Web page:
At the other end of the channel, some dealers have been feeling sorry for builders. Supply chain volatility is killing cycle time—build times are up a whopping nine weeks according to John Burns Real Estate Consulting. You would think profits would be down as a result.
Turns out there’s no need to break out the violins, at least not for publicly held builders. The top ten public home builders averaged 14.4% net margins last year versus 8.7% in 2019. D.R. Horton and NVR (Nos. 1 and 4 in revenue) earned nearly 20% net while Lennar (No. 2) was close behind at 17.3%.
In the distribution channel, profit gains depended on how much of your revenue came from commodity framing lumber. At Beacon Building Products, the answer was zero. That’s what Beacon earned last year, too: -0.7%, slightly below its -0.2% net margin in 2019.
Likewise, Home Depot and Lowe’s had a good year but not a “flash mob in Aisle 18” year. Both sell framing lumber, but neither one receives the majority of its revenue from residential new construction.
Builders FirstSource does, and it won the lottery in 2021. If your primary business is to provide shell construction materials to home builders, the rough rule of thumb is that 3% to 5% net margins are average, 6% to 8% is solid, and anything over 10% is grounds for a happy dance.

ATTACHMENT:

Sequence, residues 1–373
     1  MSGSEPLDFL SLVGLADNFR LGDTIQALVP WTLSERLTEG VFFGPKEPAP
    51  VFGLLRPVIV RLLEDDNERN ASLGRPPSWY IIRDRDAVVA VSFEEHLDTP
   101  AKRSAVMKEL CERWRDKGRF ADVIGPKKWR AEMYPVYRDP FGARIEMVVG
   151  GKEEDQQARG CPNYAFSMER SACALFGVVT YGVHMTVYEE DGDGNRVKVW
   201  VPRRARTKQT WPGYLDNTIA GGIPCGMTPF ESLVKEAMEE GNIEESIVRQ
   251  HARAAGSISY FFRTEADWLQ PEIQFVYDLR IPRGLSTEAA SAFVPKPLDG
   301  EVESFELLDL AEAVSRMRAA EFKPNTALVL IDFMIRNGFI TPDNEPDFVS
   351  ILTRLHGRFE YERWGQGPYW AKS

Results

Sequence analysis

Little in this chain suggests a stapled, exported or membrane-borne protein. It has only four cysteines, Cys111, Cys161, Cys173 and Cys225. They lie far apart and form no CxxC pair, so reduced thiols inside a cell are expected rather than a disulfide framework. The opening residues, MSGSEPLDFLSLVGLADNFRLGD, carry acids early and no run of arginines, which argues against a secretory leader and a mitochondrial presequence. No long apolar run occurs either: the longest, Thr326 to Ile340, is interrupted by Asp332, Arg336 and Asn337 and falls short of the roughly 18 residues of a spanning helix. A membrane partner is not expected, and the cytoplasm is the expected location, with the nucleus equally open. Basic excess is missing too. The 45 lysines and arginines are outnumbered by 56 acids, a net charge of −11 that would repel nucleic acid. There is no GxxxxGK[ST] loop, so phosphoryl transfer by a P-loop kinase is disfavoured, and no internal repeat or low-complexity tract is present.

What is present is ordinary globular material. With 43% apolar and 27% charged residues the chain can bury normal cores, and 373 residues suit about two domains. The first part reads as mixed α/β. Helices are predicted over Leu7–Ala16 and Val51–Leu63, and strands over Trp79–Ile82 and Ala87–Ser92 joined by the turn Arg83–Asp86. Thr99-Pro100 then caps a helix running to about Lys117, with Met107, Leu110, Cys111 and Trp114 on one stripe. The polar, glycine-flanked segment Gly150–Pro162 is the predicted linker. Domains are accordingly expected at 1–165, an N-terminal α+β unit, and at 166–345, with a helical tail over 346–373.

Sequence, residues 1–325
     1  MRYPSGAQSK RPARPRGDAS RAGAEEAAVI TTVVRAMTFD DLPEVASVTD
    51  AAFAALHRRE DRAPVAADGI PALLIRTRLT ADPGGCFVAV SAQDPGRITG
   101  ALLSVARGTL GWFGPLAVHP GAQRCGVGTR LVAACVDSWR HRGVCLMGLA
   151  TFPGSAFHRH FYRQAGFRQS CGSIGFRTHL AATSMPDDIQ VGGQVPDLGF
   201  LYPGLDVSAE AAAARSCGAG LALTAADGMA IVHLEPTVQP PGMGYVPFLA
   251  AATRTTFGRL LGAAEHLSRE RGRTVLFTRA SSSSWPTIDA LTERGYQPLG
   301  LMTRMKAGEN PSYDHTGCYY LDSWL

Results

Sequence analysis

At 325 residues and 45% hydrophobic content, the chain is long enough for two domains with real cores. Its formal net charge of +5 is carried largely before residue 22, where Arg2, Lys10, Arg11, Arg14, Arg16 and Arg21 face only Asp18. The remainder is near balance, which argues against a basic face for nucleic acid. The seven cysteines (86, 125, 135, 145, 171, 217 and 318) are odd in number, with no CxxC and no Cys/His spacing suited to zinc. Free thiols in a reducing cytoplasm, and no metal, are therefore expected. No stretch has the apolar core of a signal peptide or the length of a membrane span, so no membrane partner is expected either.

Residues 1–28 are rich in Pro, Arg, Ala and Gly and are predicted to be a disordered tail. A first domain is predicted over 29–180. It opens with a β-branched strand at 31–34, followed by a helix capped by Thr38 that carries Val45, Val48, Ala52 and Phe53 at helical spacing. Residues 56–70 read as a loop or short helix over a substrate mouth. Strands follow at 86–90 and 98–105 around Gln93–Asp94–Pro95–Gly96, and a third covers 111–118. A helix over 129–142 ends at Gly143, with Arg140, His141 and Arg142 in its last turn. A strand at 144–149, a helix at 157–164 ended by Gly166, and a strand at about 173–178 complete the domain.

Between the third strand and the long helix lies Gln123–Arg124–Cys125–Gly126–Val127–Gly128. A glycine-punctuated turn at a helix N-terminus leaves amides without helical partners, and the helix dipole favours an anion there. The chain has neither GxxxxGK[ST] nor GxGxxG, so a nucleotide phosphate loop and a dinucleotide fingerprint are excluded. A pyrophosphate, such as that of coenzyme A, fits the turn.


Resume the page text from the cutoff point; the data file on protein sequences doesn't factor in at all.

BFS posted an 8.7% net margin in 2o21. That’s a respectable number in anyone’s book—and an all-time personal best. It’s true that last year was an unusual year. You can argue that normal performance metrics don’t apply. But everyone was in the same boat. If independents have a right to feel good, BFS should, too.
Beyond public companies, it’s all guesswork. Or scuttlebutt: Rumor has it that 84 Lumber earned a double-digit net margin in 2021.
That may not be a surprise if you’ve been watching 84. For years the company has been working to bury its lowball reputation and transform itself into a value-added construction supplier. If the rumor is true, Maggie & Co. are making progress.
But we don’t know that for a fact. If we stick to facts, we’re limited to insights that can be waterboarded out of top-line data. And even that can be sketchy.